Communities across the U.S. are increasingly looking for ways to improve mental health services, especially for individuals with serious and severe diagnoses and disabilities. This group not only requires the most intensive clinical treatment and support, but also case management in order to avoid the risks of homelessness, substance abuse, and unemployment.
But, case management is not a single system or model and there are countless ways to structure a system to provide treatment and support. When it comes to providing holistic mental health and social services for individuals with severe conditions and limitations, one evidence-based model is increasingly being considered: Assertive Community Treatment (ACT).
Let’s take a look at this model and see when it works best and where the mental health and social service industry is headed.
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Mental health and social services are increasingly shifting away from traditional case management models. Instead, the ACT model builds on the strengths of other models but takes it to a whole new, client-centered level. The ACT model involves an intensive and comprehensive approach to case management defined by smaller case loads, a multi-disciplinary team approach, shared caseloads, services delivered by the team in a person’s natural environment, unlimited timeframe, and 24-hour coverage.
ACT is a direct service model that goes beyond coordination and referrals and may even replace some residential or intensive outpatient programs in some circumstances. This means that ACT clinical team members provide the most needed services to clients directly, usually in the client’s home or wherever they can be found, instead of in a clinical setting. Because clients are assigned a team and not just a single case manager, treatment and services are highly integrated. The ACT team can integrate everything from mental health treatment to housing assistance, and work together seamlessly to tailor treatment and services to the individual needs, goals, and circumstances of each client.
Providing services in the client’s home brings added benefits as well. Clinicians can assess and address needs much more effectively when they interact with the client in a natural environment. They can observe the client’s surrounding and interactions with families and other significant relationships. And, they can help clients immediately implement treatment and behavior changes in their real, day-to-day environment. Additionally, most ACT programs provide 24-hour coverage and do not preemptively limit the duration of services. This ensures that clients get what they need, when they need it, in a personal, natural setting.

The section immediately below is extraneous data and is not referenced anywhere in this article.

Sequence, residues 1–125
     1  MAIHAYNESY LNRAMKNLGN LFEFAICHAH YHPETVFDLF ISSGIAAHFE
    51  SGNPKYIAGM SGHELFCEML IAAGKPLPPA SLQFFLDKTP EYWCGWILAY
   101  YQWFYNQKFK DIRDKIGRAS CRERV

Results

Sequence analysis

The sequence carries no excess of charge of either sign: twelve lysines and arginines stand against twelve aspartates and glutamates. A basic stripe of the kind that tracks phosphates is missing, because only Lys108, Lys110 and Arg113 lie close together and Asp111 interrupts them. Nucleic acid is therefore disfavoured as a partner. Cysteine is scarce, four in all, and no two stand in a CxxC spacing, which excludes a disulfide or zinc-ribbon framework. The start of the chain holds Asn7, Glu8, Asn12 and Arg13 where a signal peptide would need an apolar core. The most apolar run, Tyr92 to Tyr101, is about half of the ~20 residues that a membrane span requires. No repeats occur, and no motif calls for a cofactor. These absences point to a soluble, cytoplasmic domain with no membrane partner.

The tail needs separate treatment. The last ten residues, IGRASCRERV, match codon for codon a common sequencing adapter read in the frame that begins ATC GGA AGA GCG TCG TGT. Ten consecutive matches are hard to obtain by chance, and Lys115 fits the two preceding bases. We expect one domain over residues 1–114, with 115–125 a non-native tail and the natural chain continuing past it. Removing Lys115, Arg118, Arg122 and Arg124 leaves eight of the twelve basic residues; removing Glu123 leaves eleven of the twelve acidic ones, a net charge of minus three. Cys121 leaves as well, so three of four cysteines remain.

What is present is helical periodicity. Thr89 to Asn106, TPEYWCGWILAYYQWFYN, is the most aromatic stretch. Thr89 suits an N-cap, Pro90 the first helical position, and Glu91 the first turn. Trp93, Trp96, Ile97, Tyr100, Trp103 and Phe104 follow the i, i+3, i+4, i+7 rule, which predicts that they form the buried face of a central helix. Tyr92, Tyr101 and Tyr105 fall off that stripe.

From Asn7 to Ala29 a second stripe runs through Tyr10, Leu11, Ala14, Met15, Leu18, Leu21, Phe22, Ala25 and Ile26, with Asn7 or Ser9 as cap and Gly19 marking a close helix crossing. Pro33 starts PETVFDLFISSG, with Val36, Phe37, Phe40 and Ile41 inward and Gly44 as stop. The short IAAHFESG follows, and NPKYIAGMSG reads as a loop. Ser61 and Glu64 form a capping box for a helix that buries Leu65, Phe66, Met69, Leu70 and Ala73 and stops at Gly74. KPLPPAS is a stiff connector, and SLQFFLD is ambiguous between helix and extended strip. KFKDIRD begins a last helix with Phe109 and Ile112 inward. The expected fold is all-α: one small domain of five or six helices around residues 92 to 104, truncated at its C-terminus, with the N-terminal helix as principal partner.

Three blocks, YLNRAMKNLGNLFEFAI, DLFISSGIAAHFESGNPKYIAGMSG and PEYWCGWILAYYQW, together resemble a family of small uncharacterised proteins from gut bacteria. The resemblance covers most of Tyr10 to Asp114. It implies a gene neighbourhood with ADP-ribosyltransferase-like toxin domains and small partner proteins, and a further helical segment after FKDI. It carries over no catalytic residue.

The theory behind ACT is that having consistent, caring, person-centered relationships between clients and service providers leads to better outcomes. Those outcomes include significant improvements in the client’s quality of life, more independent living and higher rates of treatment retention.
While the even lower client-to-practitioner ratio requires more personnel than traditional case management models, recipients of ACT actually use fewer high-cost services. ACT has been shown to reduce emergency room visits, use of psychiatric crisis services, and psychiatric hospitalization. Finally, ACT service models eliminate the need for large offices and service facilities throughout a community, which ends up dramatically reducing the cost of services while actually increasing their quality and effectiveness.
While both traditional case management and assertive community treatment have their strengths and advantages, There is an increasing movement towards ACT, especially for individuals with severe diagnoses and disabilities. While traditional case management can be an effective option for less severe clients in areas with adequate resources and service providers, ACT can provide far more individualized and integrated treatment and support. At the end of the day, understanding the strengths and limits of each model is the first step in creating or redesigning a service model that not only meets client’s needs but ensures the best outcomes.